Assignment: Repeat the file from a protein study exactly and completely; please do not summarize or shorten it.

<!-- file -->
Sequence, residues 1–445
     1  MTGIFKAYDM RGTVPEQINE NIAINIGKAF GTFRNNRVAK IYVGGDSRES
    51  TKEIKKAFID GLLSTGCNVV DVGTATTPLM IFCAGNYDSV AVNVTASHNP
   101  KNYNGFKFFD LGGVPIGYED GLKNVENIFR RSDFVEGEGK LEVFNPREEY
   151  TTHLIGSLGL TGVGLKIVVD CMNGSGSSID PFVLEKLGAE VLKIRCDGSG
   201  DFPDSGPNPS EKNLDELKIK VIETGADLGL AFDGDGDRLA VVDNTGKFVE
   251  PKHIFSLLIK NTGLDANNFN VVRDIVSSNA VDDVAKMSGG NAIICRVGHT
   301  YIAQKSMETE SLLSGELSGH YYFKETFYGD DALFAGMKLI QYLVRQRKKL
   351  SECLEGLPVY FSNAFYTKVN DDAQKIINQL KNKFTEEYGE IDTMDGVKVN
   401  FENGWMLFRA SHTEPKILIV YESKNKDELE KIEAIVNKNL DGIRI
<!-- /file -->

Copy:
Sequence, residues 1–445
     1  MTGIFKAYDM RGTVPEQINE NIAINIGKAF GTFRNNRVAK IYVGGDSRES
    51  TKEIKKAFID GLLSTGCNVV DVGTATTPLM IFCAGNYDSV AVNVTASHNP
   101  KNYNGFKFFD LGGVPIGYED GLKNVENIFR RSDFVEGEGK LEVFNPREEY
   151  TTHLIGSLGL TGVGLKIVVD CMNGSGSSID PFVLEKLGAE VLKIRCDGSG
   201  DFPDSGPNPS EKNLDELKIK VIETGADLGL AFDGDGDRLA VVDNTGKFVE
   251  PKHIFSLLIK NTGLDANNFN VVRDIVSSNA VDDVAKMSGG NAIICRVGHT
   301  YIAQKSMETE SLLSGELSGH YYFKETFYGD DALFAGMKLI QYLVRQRKKL
   351  SECLEGLPVY FSNAFYTKVN DDAQKIINQL KNKFTEEYGE IDTMDGVKVN
   401  FENGWMLFRA SHTEPKILIV YESKNKDELE KIEAIVNKNL DGIRI